By 1130 ‘Faith’ was back at her favourite anchorage overlooking the slipway. The wind blew strongly from the north against the incoming tide which had the tendency to swing my boat from one side to the other, but not a great strain was placed on the anchor and cable because the forces of wind and tide counteracted each other. Lots of people had decided to walk the river banks; there was one family however occupying a bench seat at the head of the slipway. They had two boys aged about 11 and 9. The smaller and younger of the two started playing at the water’s edge, and as he did so he began to be soaked by the breaking waves; then he waded deeper into the water only to be joined with his brother. Not to be outdone, the smaller boy, although wearing his ordinary clothes waded further until he found himself swimming. Only then did their parents have any concern for him. His mother ran down the slipway calling for the swimmer to return to the shore. Reluctantly he obeyed his mum, but when back in shallow water he used his hands to spray his brother. The bigger lad responded by going after the perpetrator until he also became waterlogged. Both lads seemed not to be affected by the cold wind and chill factor because of their wet attire. They continued messing around on the beach, each in turn throwing stones towards moored boats, not to hit them, but simply to try splashing them.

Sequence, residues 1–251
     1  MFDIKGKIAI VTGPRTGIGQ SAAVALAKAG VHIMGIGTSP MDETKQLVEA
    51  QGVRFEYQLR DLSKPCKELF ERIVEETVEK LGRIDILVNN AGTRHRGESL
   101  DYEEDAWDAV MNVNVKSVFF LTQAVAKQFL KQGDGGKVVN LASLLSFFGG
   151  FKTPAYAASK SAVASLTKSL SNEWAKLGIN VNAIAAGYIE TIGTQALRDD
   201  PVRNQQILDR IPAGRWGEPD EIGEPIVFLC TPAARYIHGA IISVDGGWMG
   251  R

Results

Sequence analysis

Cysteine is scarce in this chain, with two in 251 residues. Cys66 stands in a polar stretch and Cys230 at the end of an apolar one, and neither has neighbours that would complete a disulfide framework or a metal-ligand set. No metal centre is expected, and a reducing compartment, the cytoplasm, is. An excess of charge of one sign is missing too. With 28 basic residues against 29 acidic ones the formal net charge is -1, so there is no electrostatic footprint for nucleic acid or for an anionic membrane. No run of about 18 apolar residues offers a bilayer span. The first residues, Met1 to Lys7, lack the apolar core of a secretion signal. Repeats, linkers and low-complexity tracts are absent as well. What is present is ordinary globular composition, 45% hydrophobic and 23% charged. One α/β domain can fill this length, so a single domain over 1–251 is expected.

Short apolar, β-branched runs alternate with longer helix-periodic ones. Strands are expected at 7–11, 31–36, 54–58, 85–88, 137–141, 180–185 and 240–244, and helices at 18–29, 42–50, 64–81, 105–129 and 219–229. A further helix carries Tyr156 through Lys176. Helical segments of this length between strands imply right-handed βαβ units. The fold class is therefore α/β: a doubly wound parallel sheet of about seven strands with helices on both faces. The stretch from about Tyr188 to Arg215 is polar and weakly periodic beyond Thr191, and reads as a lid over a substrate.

I remained at the anchorage all day while being thoroughly entertained by many young sailors learning their skills under the tuition of the nearby Sailing Centre. On occasions I was concerned about their closeness when sailing over ‘Faith’s’ anchor line. Their tutors did not seem to realise how close to the surface the rope was, because of the pull of the current. Unlike chain used with the nearby moorings for yachts, the anchor rope skimmed the surface for several feet before being pulled down by the influence of the chain and anchor. I took the opportunity of using the strong wind to dry my anorak and swimming costume by hanging them from the lazy jack. As there was little else to do I thoroughly cleaned the interior of the boat and rearranged a few items. I also became better acquainted with my VHF set by testing different functions.

By 1800 the meteorologist’s promised drizzle forced me to retrieve my anorak and swimming costume while they were dry, and to close the hatch. I had already eaten the main meal of the day, so I made myself comfortable by setting up the mattress and preparing myself for a long night’s rest, but before closing my eyes I used the navigation magnifying glass to read two more chapters of ‘Survive the Savage Sea’. Finally, after listening to the radio I snuggled down into the warmth of my sleeping bag. The wind had died away and there was a welcome silence after the cessation of the constant drumming of halyards on metal masts of nearby yachts. I contentedly fell asleep.